From the Chair: Of conclaves and communication
In a year that has already brought many surprises in global affairs, none has been greater than the resignation of Pope Benedict XIV. Regardless of one’s faith or views about the Pope and his church, the announcement presents a fascinating case study of world’s most venerable institutions facing the challenge of communicating in an era of dramatic change.
The key elements of the story are familiar to many organizations: a leader succeeds a more charismatic predecessor. He’s challenged to communicate with a massive, multicultural, multilingual follower base — with changing attitudes and a greater propensity to question authority. An empowered community of activists demands greater transparency and accountability for serious misdeeds in some quarters of the organization. And the organization’s hierarchy is more suited to outbound communication than open dialogue.
In Australia a little over two years ago, I shared a stage with Monsignor Paul Tighe, Secretary of the Pontifical Council for Social Communications. An astute communicator, he is one of the Vatican’s most senior media figures. Here are some insights I took away from that dialogue with him, which seem particularly relevant today — not just to the church, but to all organizations.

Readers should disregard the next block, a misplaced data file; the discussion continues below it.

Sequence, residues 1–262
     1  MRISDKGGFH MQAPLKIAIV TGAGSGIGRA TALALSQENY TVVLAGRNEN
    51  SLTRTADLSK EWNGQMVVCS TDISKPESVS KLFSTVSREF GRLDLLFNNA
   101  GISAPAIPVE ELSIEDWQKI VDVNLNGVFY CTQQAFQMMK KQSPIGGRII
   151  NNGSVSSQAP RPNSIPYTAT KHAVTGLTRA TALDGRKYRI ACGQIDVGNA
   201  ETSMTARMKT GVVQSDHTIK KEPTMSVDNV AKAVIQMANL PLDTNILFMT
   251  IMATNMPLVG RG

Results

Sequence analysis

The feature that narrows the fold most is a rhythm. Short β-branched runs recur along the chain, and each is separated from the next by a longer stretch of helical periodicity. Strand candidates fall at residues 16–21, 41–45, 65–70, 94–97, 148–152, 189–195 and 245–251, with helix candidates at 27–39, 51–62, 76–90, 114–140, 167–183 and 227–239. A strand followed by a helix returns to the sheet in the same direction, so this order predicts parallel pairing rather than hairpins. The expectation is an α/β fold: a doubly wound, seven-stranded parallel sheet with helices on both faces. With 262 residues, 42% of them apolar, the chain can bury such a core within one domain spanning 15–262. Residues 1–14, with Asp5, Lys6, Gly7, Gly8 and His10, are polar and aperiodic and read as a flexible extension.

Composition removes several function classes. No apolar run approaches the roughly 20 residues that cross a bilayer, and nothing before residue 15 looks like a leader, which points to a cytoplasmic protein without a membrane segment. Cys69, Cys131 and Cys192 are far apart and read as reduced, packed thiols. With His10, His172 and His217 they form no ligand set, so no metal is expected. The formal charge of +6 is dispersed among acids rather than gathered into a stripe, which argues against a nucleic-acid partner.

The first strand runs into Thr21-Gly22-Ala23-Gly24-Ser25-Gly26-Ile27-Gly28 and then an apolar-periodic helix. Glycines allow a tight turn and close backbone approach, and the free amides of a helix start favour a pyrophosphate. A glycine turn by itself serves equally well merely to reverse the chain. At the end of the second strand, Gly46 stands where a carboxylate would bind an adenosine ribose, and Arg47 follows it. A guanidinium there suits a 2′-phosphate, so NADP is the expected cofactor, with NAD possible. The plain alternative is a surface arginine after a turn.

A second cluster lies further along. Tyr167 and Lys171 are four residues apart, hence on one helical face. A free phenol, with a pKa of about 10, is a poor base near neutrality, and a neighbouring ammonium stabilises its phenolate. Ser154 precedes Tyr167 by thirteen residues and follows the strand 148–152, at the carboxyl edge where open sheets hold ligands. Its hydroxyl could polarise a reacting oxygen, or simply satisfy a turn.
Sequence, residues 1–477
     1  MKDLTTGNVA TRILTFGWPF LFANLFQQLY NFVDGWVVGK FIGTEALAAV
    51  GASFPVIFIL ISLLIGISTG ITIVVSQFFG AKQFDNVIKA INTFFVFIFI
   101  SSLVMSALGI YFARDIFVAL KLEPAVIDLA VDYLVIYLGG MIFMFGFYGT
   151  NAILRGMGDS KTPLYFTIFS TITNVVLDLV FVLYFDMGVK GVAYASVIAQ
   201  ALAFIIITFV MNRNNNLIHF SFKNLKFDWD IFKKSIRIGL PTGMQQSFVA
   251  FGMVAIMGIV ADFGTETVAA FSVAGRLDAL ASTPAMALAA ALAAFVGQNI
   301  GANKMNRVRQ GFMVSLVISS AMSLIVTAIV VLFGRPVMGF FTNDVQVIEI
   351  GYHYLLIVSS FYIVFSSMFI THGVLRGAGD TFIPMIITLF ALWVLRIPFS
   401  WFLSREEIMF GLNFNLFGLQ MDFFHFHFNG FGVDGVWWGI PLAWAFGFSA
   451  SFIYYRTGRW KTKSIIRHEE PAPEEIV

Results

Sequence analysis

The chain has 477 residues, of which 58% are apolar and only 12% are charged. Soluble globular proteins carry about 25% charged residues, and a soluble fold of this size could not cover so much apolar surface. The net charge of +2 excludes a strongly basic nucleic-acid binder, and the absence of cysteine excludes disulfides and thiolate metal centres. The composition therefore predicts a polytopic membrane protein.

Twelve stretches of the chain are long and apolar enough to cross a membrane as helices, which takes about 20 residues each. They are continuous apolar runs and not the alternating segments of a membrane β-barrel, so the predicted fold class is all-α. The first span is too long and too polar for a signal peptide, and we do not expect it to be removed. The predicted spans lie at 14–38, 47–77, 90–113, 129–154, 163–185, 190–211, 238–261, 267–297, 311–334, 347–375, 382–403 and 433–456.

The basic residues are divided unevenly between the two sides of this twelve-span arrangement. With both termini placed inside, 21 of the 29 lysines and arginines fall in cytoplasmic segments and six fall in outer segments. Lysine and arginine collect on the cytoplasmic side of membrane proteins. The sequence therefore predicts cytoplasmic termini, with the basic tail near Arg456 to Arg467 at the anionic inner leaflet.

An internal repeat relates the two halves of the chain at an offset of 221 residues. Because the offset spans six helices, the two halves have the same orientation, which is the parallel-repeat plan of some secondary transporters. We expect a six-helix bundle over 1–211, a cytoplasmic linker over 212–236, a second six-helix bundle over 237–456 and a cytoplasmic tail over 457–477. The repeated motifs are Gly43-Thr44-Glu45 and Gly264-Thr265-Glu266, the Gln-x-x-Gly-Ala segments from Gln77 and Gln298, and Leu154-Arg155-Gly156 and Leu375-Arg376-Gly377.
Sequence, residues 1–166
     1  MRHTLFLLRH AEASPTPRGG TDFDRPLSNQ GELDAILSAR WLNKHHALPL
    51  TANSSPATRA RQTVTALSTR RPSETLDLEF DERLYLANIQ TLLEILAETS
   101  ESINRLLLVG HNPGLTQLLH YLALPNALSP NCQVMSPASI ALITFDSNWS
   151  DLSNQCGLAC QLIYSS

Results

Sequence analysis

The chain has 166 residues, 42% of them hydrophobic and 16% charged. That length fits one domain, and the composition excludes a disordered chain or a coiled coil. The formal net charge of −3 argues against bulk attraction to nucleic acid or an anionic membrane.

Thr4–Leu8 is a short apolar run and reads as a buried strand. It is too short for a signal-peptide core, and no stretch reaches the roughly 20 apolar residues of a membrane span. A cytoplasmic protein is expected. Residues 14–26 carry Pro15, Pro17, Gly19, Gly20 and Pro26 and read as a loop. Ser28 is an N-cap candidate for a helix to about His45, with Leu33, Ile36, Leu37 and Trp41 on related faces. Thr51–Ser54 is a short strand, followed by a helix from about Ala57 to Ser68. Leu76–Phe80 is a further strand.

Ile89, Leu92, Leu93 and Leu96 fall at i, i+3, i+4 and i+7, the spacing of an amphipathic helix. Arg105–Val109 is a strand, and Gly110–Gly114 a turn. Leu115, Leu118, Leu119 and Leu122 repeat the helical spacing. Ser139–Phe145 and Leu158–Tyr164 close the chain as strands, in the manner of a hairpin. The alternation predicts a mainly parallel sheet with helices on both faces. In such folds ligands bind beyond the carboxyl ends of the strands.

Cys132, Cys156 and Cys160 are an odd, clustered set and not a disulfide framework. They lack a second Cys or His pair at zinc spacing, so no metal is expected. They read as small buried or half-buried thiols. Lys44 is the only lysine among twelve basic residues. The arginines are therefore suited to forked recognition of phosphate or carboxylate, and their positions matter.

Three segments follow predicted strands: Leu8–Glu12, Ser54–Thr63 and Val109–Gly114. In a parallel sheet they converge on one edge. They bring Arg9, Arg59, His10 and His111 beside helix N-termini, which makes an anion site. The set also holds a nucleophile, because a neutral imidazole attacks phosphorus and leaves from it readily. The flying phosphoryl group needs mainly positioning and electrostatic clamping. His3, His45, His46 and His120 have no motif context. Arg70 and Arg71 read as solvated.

- Modern communication is not about the microphone. The dynamic in most church services is one of speaker and audience, and Monsignor Tighe pointed out that its leaders used each new technology – such as radio and television -- as “a better microphone” to amplify their message. Today, however, people don’t want to receive a message passively; they want to discuss or dismiss, interpret or reinterpret the message. The audience must take part in the conversation.
- Today’s communication revolution is not technological; it’s cultural. The advent of the Internet and social networks has given us more than new tools; these advances are changing the way we interact with one another. We form relationships and communities with less need and desire for intermediaries — unless they add tangible value.
Don’t aim for uniformity; aim for communion. While the basic structure of a Catholic mass is universal, the specific context varies dramatically in different regions, countries and cultures. This is a challenge for many multinational organizations — delivering on a consistent ‘brand’ experience while showing sensitivity and adaptability to different cultural contexts.
In most of the industrialized world, participation in organized religion is on the decline. It would, however, be wrong to interpret this as a loss of interest in matters of spirituality and meaning in life; if anything, our desire for connection, relationship and mutual understanding is deeper than ever.
In centuries past, the world’s major religions pioneered communication on a massive scale, using not just the written and spoken word, but a rich array of visual tools and strategies that brought people together — even in times of limited mobility and literacy.
The challenge for leaders of all faiths — like their counterparts in secular organizations — is to rediscover that leadership.
May they use communication to facilitate genuine dialogue, human engagement and mutual understanding. And may they have wise communicators to advise them.
Daniel Tisch, APR, Fellow CPRS
Chair, Global Alliance